Kings update: New off-season approach helps Thomas Hickey
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Keeping it simple, unfortunately, isn’t always so simple.
Just ask any young defenseman trying to make an NHL roster or navigating the league for the first time. Thomas Hickey, a first-round draft pick (fourth overall) in 2007, opted for a new approach to prepare for what could be a make-or-break Kings’ training camp.
He stayed home in Calgary and decompressed with family and friends, taking his skate off the all-hockey-all-the-time pedal.
“I was down here all last summer [in 2010]; the strength coach here is very good,” Hickey said after practice in El Segundo on Thursday. “He knows what he is doing. But, for me, I felt I needed to be home and refresh the mind. The work load was the same, but it’s just a different style of doing it.
“I love playing hockey and being at the rink. But to really appreciate it, you’ve got to take time away. Before too long, you’re hungry to get back to the rink and you wish training camp was a week away. I felt that way quite early in the summer.”
One preseason game doesn’t mean an automatic spot. But Wednesday’s shootout loss to the Phoenix Coyotes at Staples Center served as an effective measuring stick of progress for the 22-year-old Hickey. “I think there’s a lot more control than in past seasons. Just learning the pro game, especially defense in the neutral zone, there’s a lot of scrambling and running around,” Hickey said. “On the offensive blue line, I used to move way too much, a lot more than you need to. I’m much more conservative now.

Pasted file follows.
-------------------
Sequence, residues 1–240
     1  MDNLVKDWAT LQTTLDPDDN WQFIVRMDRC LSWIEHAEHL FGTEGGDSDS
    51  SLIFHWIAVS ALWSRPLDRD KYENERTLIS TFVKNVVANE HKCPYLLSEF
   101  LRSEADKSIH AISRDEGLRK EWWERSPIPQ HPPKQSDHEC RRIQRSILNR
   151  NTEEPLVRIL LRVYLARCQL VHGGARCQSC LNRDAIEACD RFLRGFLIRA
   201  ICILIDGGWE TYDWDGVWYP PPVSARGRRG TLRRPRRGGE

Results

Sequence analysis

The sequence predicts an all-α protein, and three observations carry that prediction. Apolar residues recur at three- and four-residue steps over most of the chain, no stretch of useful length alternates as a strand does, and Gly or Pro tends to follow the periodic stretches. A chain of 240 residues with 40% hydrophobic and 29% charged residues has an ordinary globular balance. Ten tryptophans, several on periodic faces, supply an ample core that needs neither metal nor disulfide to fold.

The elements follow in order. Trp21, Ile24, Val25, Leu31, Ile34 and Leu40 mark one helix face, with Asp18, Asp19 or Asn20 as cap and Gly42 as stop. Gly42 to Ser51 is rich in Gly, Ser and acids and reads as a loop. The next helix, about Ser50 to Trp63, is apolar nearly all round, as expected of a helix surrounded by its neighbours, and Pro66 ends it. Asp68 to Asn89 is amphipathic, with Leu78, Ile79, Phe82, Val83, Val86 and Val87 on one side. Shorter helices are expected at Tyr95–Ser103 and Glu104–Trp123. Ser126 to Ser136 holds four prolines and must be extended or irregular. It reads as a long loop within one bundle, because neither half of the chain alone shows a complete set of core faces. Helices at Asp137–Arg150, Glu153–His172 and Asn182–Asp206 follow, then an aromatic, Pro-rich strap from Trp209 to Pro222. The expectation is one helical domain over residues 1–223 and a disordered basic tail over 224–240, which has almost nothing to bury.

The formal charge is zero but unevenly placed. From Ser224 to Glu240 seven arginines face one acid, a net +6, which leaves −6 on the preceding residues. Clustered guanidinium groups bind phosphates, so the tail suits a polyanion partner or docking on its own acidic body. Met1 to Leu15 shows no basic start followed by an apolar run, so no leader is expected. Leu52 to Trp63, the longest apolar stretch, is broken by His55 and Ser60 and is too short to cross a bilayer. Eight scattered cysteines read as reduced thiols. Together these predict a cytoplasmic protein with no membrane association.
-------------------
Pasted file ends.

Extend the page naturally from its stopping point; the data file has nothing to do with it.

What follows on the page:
“You can use your energy in short bursts. You can step up and hit or make little plays, and the puck is always coming to you as opposed to using a lot more energy and not being efficient at all.”
Kings Coach Terry Murray agreed that Hickey was doing a far better job of keeping it simple and echoed some of his postgame assessments, saying Hickey didn’t hold onto the puck too long or try to do too much with it.
“It was off his stick at the right time, fast enough for the forwards to maintain their speed and get on the attack,” Murray said. “The other side of it that I didn’t see very often [before] was that strength in one-on-one plays along the boards. He was pinning some guys and sealing guys off.”
The Kings start the regular season in Europe, and the team will be addressing some of those issues. Murray said that a sleep expert will be coming to the rink Friday to talk to the players.
There is the matter of handling jet lag on both ends of the trip and a message for the youngsters. Murray said the latter point will be getting the “younger guys to understand the importance of rest.”
Murray said they will also be holding practices much later in the day once they arrive in Europe in order to help the adjustment process.
-- Lisa Dillman